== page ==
- @ Florida Gators - March 8, 2014 - 12:00 PM EST - O'Connell Center - Gainesville, Fla. - CBS
Where are they now: Wah Wah Jones still a gold standard for Wildcats
Anthony Davis wasn’t the first Kentucky Wildcat to win an Olympic gold in London. Wallace “Wah Wah” Jones beat him by 64 years.
After John Calipari extended an invite, Jones appeared with Davis at the UK Alumni Charity Game in September, both displaying their Olympic Gold Medals in front of thousands of Wildcat fans.
The meeting of two UK legends helped show that UK’s legacy extends beyond who’s currently on the court and helped illustrate the grand history of the Wildcats as Coach Cal engaged the older players into the fray of new talent.
For the thousands of fans in Rupp Arena that day, it was one of the highlights of the afternoon. For Jones, who has seen and done just about everything in athletics as one of UK’s most decorated athletes, it was a moment he will never forget.
“It was really nice,” Jones said. “Coach Cal suggested it, … asked me to bring my gold medal with me. I really appreciate that Cal made that move to set it up.”
Wallace “Wah” Jones Jr., the elder Jones’ son, said his dad appreciated how Cal related to the older players and recognized their importance in the history and tradition of the Wildcats.
“They can be forgotten until their brought to the forefront, and that’s what Cal’s done,” Jones Jr. said. “They helped establish the legacy at UK.”
Jones was part of the legendary “Fabulous Five,” one of the most memorable and loved teams in UK lore. The five Wildcat players would lead UK to a national championship, lead the U.S. to Olympic gold and eventually get their own short-lived NBA team in Indianapolis.
Nicknamed “Wah Wah” by his younger sister who couldn’t quite manage to pronounce his name, Jones was born in Harlan, Ky., in 1926. Jones came to UK after setting a national high school scoring with 2,398 points in his years in Harlan and helped lead them to a state championship.
The young Kentucky native didn’t just come as a strong forward, though. Jones saddled up under both Adolph Rupp and legendary football coach Paul “Bear” Bryant, both regarded as two of the greatest coaches ever. Jones played defensive end in football.
He earned All-America honors in both, and he is the only player to have his number retired in both football and basketball at Kentucky.
Playing for both teams was difficult for Jones, but it made for an amazing life full of stories to pass on.
“When he was playing football with Bryant, someone knocked his tooth out,” Jones Jr. said. “Bryant came up to him and said ‘You don’t run on your teeth, so get back out there.’ ”
Jones deepened his connection to UK through both legendary coaches, doing his best to keep up with the hectic schedules.
“They were both tough and demanded a whole lot,” Jones said. “I did what they asked me to do and tried to do it the best way I could. I always got a long with them though.”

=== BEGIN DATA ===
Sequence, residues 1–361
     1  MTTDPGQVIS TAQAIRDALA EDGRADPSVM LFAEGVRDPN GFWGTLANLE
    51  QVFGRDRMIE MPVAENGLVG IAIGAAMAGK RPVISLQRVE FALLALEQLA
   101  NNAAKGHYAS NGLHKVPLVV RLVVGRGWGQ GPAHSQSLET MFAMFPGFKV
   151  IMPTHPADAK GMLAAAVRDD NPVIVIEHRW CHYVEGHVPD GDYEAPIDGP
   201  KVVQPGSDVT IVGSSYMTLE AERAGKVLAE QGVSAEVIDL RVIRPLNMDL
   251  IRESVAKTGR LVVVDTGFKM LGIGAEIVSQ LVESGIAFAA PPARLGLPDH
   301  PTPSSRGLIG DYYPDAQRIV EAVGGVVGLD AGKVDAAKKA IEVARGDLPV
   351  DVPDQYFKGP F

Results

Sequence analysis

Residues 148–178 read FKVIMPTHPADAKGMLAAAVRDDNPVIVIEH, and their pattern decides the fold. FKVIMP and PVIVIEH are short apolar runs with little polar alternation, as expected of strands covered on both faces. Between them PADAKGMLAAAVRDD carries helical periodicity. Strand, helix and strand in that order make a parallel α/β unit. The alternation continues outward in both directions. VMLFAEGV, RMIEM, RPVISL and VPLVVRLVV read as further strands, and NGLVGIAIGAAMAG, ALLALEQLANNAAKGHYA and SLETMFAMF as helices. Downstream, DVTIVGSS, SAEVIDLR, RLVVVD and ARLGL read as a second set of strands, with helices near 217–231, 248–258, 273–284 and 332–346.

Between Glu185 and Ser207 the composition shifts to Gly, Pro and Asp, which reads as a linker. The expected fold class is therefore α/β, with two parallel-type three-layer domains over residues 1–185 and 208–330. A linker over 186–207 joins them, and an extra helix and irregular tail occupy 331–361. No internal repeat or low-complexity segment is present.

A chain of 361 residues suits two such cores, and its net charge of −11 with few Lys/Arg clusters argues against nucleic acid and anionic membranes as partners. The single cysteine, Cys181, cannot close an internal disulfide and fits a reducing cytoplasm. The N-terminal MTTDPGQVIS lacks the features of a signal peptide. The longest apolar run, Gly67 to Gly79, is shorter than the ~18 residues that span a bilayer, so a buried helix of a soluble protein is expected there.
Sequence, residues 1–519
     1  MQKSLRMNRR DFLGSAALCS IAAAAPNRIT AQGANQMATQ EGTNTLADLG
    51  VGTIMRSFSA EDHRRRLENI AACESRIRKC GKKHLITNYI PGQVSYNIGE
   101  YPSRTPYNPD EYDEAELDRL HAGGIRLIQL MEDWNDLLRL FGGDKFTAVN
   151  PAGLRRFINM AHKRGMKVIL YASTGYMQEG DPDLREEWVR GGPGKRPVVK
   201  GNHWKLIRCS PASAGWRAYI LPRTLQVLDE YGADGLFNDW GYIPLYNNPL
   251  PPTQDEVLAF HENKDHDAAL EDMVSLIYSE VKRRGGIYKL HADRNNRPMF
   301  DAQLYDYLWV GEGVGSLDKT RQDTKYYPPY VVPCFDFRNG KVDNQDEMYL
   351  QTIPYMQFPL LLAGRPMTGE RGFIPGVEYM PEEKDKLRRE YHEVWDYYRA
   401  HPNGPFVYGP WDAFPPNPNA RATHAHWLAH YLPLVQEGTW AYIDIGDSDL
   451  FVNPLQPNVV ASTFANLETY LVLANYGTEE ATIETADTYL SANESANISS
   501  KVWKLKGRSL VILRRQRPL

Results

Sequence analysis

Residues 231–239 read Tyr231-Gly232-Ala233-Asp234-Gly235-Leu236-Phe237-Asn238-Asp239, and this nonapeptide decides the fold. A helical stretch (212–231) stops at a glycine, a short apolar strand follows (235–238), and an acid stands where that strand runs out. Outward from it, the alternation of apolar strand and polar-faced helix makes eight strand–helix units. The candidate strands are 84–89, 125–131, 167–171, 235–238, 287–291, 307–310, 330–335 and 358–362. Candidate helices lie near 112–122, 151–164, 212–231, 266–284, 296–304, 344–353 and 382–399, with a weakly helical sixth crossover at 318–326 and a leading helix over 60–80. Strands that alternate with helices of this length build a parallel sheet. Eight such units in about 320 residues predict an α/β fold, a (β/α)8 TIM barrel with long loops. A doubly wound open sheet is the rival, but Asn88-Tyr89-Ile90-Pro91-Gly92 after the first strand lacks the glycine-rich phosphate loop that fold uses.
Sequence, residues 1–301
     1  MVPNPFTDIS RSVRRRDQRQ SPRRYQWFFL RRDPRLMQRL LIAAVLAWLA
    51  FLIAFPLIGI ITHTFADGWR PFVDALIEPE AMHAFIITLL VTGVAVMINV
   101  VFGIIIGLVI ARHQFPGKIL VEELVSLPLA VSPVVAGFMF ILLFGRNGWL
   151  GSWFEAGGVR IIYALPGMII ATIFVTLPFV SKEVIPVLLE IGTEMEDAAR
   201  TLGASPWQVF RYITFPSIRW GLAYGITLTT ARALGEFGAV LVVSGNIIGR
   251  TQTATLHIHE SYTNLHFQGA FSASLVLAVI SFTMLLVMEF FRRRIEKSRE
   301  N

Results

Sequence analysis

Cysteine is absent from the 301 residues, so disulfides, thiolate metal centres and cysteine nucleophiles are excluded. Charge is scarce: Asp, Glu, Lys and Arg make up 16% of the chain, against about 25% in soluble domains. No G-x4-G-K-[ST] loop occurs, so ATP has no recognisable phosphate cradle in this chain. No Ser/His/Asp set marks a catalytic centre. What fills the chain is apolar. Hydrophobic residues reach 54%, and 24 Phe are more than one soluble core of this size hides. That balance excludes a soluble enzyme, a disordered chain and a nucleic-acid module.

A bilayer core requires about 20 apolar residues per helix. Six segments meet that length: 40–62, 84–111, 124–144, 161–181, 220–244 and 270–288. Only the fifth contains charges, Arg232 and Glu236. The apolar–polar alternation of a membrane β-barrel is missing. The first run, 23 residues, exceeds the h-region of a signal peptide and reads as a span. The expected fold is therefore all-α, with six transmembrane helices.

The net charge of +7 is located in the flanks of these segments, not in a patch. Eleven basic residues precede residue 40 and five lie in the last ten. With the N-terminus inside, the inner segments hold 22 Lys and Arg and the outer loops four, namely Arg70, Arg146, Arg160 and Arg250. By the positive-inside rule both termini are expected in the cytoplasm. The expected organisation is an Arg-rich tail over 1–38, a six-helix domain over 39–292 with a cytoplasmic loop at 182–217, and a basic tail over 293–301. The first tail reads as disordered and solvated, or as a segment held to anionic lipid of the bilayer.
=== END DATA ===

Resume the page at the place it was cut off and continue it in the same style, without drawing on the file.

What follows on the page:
So how does Jones think Coach Cal stands up compared to both these legends?
“He’s proven that he can get the job done,” Jones said. “Players come, win and others want to join. They know (UK) is a winning team, a winning school. They want to join the winners.”
Jones also said that he thought Coach Calipari was an effective coach and a very nice guy. He said that Coach Cal had always been very kind to him and that he appreciated the time he had put into getting in touch with him.
“Cal just goes over and above,” Jones Jr. said. “That’s one thing that dad really likes about Cal.”
Calipari helped set up the meeting between Jones and Davis, something that Jones said he appreciated. His gold medal had a long story behind it, one that many UK fans may not know.
During his final year at UK, Jones, Rupp and the other members of the Fabulous Five traveled to London for the 1948 Olympic Games as the U.S. basketball team.
“There were no airplanes to fly over,” Jones said. “They had to take us over on the luxury liner, S.S. America.”
Jones said the cruise over to London for the Olympics was a great experience and that it helped bring the team together as they all got to know each other in the close quarters.
Rupp led the team to the gold that year, and Jones and his teammates returned to take the NCAA championship in their final season at UK.
Much like current Wildcat stars, Jones’ legacy didn’t end after the season. His career propositions were looking up in basketball. And football. And … baseball?
In addition to an $8,500 contract to play for the Chicago Bears, Jones said he was also offered a spot with the then-Boston bound Braves baseball team.
Jones said the decision wasn’t too hard, however, and turned the offers down to play basketball with his colleagues.
“I thought that basketball was the best decision,” Jones said. “We all enjoyed playing together. We thought it would work into something.”
Jones was drafted in the first round to the Washington Capitols but was later traded to Indianapolis.
“The NBA said they had a franchise in Indianapolis,” Jones said. “They said the Fabulous Five could come together and play and get the team.”
Jones played with the Olympians for three years before returning back to Lexington, Ky., where he’s lived since.
Jones still enjoys sports and doesn’t miss a UK game when it’s on TV. He even found time to attend Big Blue Madness just a couple of weeks ago.
“All UK sports are very important to him,” Jones Jr. said. “He watches religiously, but basketball is more visible for him. It’s his life. What they did, what they accomplished and how they were treated, it made all the difference in the world.”